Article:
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To create a playable level, a starting location in form of a player spawn point has to be defined, basic geometry and a light actor has to be placed. 3.2.5. Programming/Scripting The UDK can be modified with configuration files and with the UnrealScript language. The C++ interface of the Unreal Engine 3, however, is not available for the UDK. The core settings are designed for gaming purposes, limiting game time, providing a player inventory, etc. These settings are configured in a game type class and a player controller class.

3.3. Architectural Visualization Data


Architects include many different kinds of information in their blueprints. CAD blueprints store the most information about architecture. CAD blueprints could not be obtained, however, blueprints in form of bitmaps and reference images were found via Google. For this project the main building of the XY-house, designed by RS+ Robert Skitek, is used for visualization. The building has been constructed in Cracow, Poland.

Figure 3.5.: XY-house in Cracow, Poland

3.3.1. City Scape Planning The data needed for city scape planning requires at least the information about the heights of the surrounding buildings as well as road information. Additional information about vegetation properties, or distance of lamp posts in the streets, maybe included. From this data abstract schematic blocks can be created to represent the buildings. Prominent landmarks usually are represented by a basic silhouette. To further support the abstract nature of the visualization, lamp posts and trees are also represented by abstract objects. As alternative to the urban environment, basic natural environments can be provided; the major settings are forest, mountains, and ocean. This data cannot be extracted from the existing blueprints and reference images. However, 17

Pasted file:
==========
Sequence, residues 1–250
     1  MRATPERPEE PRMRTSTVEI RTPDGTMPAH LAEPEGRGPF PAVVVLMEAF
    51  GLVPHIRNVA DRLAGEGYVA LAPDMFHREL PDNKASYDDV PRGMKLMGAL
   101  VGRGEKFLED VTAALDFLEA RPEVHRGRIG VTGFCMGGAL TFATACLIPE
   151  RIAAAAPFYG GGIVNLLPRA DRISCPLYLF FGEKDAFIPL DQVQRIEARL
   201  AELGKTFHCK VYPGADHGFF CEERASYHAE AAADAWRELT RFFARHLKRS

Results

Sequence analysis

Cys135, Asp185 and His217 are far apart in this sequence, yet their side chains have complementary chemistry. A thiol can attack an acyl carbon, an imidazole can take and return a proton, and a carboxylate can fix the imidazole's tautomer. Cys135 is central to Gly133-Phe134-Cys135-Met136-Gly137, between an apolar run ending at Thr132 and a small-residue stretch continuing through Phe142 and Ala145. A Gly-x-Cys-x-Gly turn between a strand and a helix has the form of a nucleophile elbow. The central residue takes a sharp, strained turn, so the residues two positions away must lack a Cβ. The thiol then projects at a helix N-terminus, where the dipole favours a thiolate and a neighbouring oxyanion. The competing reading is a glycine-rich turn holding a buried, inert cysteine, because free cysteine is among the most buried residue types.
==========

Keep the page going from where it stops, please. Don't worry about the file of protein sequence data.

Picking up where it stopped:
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other tools, like Google Earth, can provide access to such types of data. As alternative, random generated city data can be used for a proof of concept. 3.3.2. Main Building Visualization Data about the exterior design and floor layout of a building are usually stored in form of blueprints as well as reference images. This data can be used to model the building as well as indicate the usage of different rooms. Room usage can be displayed in an abstract fashion; it is also common to include furniture. 3.3.3. Other Data that could be Visualized The following data, if available, could be also shown in the visualization: Information about the pipe works or electrical wiring could be displayed by making the walls transparent. Historic data of a building that show the modifications made over time Multiple design ideas for a facade Information about escape routes of a building in the form of animated arrows